But Europe has outlined its own demands that must be met before the plane can return, including that the crews flying the planes are “adequately trained.” The European Aviation Safety Agency (EASA) did not outline what that training would entail.

Read more: Europe has outlined its own demands for letting Boeing’s 737 Max return to the skies, instead of relying on the US

And Canada, which also said it would have its own requirements, said last week that simulator training was a “possible option” for 737 Max pilots.

Pilots were not trained on simulators before the two deadly crashes

Training with a simulator is expensive and time-consuming, with the FT reporting that the simulators can cost up to $15 million and an hour’s training can cost up to $1,000. 

Boeing 737 Max 8 cockpit

Pilots unions told CNN that 737 Max pilots were trained with a self-administered online course that took a maximum of three hours and was conducted on iPads.

The lack of simulator training was initially seen as a benefit for Boeing, which designed the plane with a minimum of changes compared to other 737 models in an attempt to appeal to airlines that didn’t want to undertake expensive and time-consuming pilot training.

Read more: Taped conversation shows Boeing execs downplaying importance of absent safety feature on 737 Max

The preliminary investigations into the two crashes identified an issue with the planes MCAS software system. In both the Lion Air crash in October 2018, which killed 189 people, and the Ethiopian Airlines crash in March 2019, which killed 157 people, the nose of the plane repeatedly pointed down and could not be controlled by pilots.

Pilots say they were not informed about this system in training, a move that Boeing defended after the first crash by telling pilots that “we try not to overload the crews with information that’s unnecessary.”

Boeing CEO Dennis Muilenburg also defended the communication about the system after the second crash by  saying it was “embedded” into the way pilots handled the plane, and so “when you train on the airplane, you are being trained on MCAS.”

Boeing CEO Dennis Muilenburg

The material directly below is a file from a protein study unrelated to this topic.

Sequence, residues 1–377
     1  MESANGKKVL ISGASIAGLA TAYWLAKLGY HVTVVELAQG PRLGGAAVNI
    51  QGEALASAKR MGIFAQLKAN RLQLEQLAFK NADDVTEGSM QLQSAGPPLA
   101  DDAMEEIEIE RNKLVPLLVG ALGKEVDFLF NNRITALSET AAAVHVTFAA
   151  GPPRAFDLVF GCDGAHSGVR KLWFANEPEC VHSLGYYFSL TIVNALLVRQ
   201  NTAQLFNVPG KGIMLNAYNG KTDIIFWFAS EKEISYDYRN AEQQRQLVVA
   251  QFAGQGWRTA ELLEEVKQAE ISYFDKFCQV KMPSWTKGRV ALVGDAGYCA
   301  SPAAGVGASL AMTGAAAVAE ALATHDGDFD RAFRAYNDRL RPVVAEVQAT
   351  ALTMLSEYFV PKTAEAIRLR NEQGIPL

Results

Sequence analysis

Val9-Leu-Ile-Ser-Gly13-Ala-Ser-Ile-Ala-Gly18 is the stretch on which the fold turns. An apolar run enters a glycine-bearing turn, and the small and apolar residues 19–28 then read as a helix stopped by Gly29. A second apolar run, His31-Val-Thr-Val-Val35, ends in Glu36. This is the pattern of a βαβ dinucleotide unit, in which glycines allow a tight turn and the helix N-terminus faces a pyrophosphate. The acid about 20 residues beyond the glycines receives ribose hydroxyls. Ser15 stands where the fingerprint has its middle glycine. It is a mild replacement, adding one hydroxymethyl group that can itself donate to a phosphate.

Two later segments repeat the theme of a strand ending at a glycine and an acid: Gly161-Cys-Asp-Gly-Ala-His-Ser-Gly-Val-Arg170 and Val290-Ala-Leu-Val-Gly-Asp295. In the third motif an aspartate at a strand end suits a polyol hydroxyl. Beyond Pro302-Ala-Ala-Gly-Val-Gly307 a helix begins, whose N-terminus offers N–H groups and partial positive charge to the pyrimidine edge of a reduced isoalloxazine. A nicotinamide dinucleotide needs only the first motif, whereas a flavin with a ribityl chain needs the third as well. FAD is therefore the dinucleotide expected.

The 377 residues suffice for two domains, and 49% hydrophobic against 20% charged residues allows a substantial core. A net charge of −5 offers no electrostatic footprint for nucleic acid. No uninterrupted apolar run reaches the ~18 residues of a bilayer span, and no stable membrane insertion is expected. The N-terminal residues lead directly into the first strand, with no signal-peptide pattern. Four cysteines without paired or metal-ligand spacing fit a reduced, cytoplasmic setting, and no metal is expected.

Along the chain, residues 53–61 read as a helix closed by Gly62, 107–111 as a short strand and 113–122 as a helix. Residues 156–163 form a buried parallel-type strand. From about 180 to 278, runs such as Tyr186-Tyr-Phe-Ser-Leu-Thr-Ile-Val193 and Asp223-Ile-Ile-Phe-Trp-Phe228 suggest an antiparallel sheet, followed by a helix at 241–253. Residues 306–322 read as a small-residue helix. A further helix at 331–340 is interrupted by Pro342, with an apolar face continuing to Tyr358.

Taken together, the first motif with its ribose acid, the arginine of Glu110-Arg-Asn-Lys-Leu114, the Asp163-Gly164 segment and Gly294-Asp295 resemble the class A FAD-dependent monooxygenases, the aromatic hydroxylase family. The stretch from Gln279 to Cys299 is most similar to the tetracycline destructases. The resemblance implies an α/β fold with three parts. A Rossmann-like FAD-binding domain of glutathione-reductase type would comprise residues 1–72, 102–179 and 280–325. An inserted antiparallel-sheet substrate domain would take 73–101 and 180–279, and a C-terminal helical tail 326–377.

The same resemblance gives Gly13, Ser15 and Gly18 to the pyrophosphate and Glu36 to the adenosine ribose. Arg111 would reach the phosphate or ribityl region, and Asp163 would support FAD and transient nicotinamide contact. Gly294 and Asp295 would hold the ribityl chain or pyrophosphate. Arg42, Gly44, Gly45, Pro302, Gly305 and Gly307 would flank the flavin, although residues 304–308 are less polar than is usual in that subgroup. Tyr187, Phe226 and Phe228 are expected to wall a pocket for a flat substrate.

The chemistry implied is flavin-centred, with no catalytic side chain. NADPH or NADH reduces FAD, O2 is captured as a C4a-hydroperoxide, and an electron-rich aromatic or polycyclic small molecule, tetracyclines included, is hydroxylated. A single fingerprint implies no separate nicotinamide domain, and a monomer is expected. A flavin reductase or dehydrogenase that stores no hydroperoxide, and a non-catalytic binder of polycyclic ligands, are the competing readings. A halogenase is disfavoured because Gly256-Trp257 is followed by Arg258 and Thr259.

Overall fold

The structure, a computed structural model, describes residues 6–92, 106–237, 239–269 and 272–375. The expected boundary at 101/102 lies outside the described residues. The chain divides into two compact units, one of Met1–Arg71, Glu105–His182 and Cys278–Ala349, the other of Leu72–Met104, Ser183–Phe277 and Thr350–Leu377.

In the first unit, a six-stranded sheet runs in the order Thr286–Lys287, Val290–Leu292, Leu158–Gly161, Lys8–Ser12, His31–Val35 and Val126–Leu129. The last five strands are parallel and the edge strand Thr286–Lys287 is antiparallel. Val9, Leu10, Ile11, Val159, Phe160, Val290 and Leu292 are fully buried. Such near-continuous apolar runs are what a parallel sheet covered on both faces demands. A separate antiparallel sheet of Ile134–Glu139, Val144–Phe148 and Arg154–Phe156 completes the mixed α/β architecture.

“It’s not a separate system to be trained on,” he said.

Pilots from the union representing American Airlines pilots told Boeing after the first crash that they wanted more information about MCAS and the 737 Max, a recording shared with Business Insider by the union showed.

“We flat out deserve to know what is on our airplanes,” one pilot said. 

Boeing says that it is working with closely regulators and that the plane will be one of the safest planes ever to fly when it returns.

Do you work at Boeing or the FAA, or are you a pilot? Got a tip or a story to share? Contact this reporter via encrypted messaging app Signal at +353 86 335 0386 using a non-work phone, or email her at sbaker@businessinsider.com, or Twitter DM her at @sineadbaker1.

Join the conversation about this story »

NOW WATCH: The history behind ‘slabs,’ the custom cars with an important place in Houston’s hip-hop community

Regulators in the US and around the world are debating the level of training needed by pilots of Boeing 737 Max aircraft before the plane can be approved to fly again after two fatal crashes.

Regulators are considering whether pilots need to fly on a simulator or just complete computer-based training, and the decision could determine when the 737 Max, already a source of frustration for airlines who have have had to ground the plane for the last two months, can return to the skies.

Regulators from 33 countries met with the US Federal Aviation Administration last week to ask about Boeing’s software update to the planes, which has been completed but not submitted to the FAA for approval.